Before I start the title refers to spoon theory read more about that here Spoon Theory.
I can't quite put my finger on when I started to get ill. Which is apparently unusual with ME/CFS. For many people they develop it after a period of illness and its quite clear. For me I had chest infections one after another without really feeling well in between. I was tired and run down not ill but not well either. Afterwards I felt OK. Thought I was just out of condition but no matter what I tried couldn't get my fitness back to how it had been before. Everytime I started to get fit I was ill again.
Then the next winter the chest infections were back. One after another after another. I was not getting well in between again. Then afterwards I still wasn't well. I felt like all the energy had been drained out of me. I was sleeping better that I'd slept in a long time but not ever feeling rested. After a few months of this I went to the GP. I had all the blood tests but the only thing abnormal was was slightly raised white blood cells. The doctors conclusion was post viral fatigue and that's as far as the treatment went.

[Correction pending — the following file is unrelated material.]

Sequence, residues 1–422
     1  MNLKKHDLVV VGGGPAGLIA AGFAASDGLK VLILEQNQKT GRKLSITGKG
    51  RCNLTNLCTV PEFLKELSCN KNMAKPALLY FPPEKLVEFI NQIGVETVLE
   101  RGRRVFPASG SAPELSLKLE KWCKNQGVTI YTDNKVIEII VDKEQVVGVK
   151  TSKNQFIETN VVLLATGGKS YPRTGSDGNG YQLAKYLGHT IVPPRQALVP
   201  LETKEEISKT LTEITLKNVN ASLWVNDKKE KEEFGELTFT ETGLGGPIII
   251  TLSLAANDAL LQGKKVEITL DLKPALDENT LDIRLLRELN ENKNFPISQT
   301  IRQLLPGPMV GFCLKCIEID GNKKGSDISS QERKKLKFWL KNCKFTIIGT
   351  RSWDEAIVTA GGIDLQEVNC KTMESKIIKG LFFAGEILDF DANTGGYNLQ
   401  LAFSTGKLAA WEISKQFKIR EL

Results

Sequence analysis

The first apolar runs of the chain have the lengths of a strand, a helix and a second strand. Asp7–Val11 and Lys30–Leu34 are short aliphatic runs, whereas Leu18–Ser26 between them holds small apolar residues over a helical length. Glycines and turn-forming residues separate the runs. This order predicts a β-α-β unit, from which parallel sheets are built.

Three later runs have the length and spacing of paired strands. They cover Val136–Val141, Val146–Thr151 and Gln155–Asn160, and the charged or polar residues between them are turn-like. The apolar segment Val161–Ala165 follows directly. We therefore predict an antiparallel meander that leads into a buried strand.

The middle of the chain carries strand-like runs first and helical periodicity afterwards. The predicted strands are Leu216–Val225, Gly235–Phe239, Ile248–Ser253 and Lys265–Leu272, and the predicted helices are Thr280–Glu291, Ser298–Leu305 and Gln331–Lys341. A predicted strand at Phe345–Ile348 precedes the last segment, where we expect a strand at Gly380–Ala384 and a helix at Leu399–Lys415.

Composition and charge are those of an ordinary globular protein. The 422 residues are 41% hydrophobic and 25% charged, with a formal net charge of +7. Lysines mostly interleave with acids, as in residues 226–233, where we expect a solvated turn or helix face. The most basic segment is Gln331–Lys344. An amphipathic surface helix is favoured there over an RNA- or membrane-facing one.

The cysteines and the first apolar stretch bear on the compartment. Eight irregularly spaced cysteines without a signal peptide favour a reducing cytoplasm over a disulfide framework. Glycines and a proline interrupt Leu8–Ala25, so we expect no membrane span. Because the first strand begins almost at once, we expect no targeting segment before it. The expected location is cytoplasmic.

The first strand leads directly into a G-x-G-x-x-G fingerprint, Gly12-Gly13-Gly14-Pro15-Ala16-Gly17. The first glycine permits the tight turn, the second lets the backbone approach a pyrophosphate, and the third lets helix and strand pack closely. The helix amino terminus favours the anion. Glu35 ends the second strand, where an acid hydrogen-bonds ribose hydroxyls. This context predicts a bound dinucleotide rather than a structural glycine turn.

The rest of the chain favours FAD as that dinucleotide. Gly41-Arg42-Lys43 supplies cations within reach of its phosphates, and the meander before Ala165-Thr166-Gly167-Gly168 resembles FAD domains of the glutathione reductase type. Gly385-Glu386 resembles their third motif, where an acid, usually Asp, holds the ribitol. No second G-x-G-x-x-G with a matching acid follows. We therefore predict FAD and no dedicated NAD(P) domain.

And so it went on. Me trying to carry on as normal but gradually getting more ill. Having repeated trips to the GP as more symptoms developed. Each time symptoms were treated separately with no connection back to the fact the post viral fatigue hadn't magically gone away. By autumn I'd gone from drained of energy to having dizziness so bad I often couldn't get out of bed and foggy head so bad I struggled to function.
Foggy thinking doesn't sound like a terrible thing. But imagine not being able to remember how to do the simplest things and forgetting everthing. I'd regularly think I'd done something that I hadn't. Or forget that I had done something like put food in the oven. I had no concentration and no ability to process information. But still apparently this degenerating condition was post viral fatigue.
It took a few more months and two more rounds of blood tests. Then I walked into the doctors one day determined to fight my corner and officially get the diagnosis I'd known for months. And the GP I saw that day surprised me and said it before I did. She was rerunning the blood tests with a few additions but it looked like chronic fatigue syndrome. It didn't make me suddenly better but having a diagnosis still felt like a relief. Suddenly it wasn't just in my head it was real and I could start to get some help.